Article - Civilised Conversation

Another week at Westminster, another turn in the extraordinary saga of Brexit. The battle that some of us are fighting to ensure that Britain does not crash out of the EU without a legal agreement on 29 March continues. And the effort to identify the shape of a deal that can both be agreed with Brussels and be approved by more than half of the Members of the House of Commons is only just beginning. 

Inevitably, the eyes of the nation are focused on this drama because it affects us all. Equally inevitably, there are strongly held views on all sides in the House of Commons, in West Dorset, and in the country as a whole. 

There is no point in trying to pretend that we all agree about these matters when we so obviously don’t. But there is every reason to remind ourselves that we are all citizens of the same country, that we all have what each of us conceives to be the best interests of that country at heart, and that we are all going to have to live together long after these events have become a matter of historical record. 

So what matters most of all - even more than the outcome of these troubled times - is that we should maintain civility and courtesy, mutual respect and hence the ability to go on having a civilised conversation despite the significant differences between us. 

We should pay real attention to all of the views that are expressed in rational and courteous ways, and we should give no time to those (few but loud) who descend into crude abuse. I do believe that if we follow this one golden rule, we shall - despite all the intrinsic difficulties and all the differences of view - eventually be able to do what Her Majesty The Queen has so rightly called on all of us to do, and find the common ground upon which we can build a common future.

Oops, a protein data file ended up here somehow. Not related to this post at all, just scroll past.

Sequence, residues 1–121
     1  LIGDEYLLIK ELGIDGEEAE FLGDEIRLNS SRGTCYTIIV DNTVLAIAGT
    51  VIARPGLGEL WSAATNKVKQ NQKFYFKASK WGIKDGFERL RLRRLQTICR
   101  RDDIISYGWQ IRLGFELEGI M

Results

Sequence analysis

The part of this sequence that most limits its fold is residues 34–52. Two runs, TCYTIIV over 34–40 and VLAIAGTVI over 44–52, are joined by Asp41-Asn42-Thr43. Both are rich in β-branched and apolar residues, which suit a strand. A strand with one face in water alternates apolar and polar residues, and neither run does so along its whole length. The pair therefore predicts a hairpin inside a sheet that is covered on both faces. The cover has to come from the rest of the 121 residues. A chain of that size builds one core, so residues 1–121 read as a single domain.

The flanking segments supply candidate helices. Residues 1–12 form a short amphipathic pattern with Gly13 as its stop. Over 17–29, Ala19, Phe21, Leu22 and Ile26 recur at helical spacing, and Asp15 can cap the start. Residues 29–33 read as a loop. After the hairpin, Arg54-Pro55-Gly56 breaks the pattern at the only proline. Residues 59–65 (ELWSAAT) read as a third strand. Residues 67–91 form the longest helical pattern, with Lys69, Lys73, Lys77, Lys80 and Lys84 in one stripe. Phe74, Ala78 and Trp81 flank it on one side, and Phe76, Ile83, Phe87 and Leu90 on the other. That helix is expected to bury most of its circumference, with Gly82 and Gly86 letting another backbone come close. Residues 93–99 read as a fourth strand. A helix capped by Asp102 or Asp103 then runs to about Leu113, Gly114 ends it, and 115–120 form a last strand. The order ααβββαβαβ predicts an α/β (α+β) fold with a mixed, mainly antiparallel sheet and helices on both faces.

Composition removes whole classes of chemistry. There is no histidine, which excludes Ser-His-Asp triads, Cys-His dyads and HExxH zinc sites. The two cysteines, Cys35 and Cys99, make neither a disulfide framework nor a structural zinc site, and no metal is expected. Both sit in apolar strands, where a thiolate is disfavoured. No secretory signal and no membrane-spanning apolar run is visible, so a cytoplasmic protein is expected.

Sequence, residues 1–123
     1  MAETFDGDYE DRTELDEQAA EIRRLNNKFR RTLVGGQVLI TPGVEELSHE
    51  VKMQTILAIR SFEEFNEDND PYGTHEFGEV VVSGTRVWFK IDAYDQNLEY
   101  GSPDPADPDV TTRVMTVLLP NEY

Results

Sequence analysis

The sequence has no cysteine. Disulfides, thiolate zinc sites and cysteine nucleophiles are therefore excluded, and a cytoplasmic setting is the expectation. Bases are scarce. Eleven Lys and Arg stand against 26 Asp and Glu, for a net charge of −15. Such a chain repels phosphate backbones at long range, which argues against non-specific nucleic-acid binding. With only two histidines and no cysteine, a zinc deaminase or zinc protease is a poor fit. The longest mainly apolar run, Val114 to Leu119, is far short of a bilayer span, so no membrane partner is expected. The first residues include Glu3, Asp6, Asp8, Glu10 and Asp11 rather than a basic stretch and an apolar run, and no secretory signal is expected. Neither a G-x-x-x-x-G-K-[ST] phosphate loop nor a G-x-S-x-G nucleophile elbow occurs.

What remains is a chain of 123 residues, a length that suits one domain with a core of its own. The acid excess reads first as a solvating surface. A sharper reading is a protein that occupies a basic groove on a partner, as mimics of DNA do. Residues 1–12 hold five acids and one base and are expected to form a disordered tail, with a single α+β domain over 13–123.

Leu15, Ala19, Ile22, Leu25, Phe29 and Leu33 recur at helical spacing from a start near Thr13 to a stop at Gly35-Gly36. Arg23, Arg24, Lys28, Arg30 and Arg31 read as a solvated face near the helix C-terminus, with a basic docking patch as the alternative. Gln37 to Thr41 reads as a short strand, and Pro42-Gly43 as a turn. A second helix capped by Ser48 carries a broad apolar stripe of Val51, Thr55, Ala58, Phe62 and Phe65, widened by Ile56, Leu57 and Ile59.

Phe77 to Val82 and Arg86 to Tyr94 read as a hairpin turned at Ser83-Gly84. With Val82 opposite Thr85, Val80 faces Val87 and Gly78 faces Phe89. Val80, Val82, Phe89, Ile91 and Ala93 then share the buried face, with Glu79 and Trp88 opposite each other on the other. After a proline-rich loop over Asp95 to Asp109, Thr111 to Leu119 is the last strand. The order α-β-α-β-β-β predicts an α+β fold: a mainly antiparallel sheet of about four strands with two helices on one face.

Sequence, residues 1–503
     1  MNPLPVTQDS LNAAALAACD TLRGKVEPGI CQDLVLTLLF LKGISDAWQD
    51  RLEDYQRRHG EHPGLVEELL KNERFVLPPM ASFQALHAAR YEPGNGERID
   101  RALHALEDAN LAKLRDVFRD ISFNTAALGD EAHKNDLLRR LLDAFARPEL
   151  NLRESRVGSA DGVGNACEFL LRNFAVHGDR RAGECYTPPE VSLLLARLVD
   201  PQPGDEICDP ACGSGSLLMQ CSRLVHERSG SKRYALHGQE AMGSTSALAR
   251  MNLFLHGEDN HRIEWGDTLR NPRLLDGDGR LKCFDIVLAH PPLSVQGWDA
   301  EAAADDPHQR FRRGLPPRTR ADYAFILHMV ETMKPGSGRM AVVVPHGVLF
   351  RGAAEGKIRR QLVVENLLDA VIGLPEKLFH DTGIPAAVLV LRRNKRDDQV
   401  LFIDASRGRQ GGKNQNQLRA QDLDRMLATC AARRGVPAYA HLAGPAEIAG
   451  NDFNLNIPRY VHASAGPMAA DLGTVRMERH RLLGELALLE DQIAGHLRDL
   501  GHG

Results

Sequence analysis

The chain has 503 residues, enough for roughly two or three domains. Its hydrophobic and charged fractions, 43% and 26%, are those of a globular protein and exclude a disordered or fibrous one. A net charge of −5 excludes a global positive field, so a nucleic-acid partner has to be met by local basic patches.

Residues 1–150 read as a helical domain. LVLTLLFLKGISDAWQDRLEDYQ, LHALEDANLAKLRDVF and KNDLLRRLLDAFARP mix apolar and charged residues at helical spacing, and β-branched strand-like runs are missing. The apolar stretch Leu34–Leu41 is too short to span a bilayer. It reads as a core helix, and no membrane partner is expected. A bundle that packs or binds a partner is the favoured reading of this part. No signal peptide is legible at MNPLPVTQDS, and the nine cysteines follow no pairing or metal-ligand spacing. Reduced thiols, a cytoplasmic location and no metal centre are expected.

In last week’s column, I made also the point that, while all of these great issues are being debated, life goes on much as before, and with many good things happening almost unnoticed, hidden in plain sight. 

In particular, I mentioned the remarkable flurry of investment in the renovation of the sights and institutions which most embody our natural and cultural history. 

No sooner had I put down my pen and submitted my column than I received news of yet further examples of these almost invisible advances. 

I see that, just in the last few days, the wonderful old Marine Theatre in Lyme Regis has received a substantial grant to assist with its refurbishment. This is a good choice on the part of the Coastal Communities Fund, because the Marine Theatre, situated in one of the most spectacular positions occupied by any theatre in the world, has the potential not only to play an increasing role in the promotion of dramatic arts in the far west of the country, but also to become even more of a magnet for the cultural tourism that is becoming so important a part of our local economy. 

Life isn’t just going on: it is in many ways becoming richer.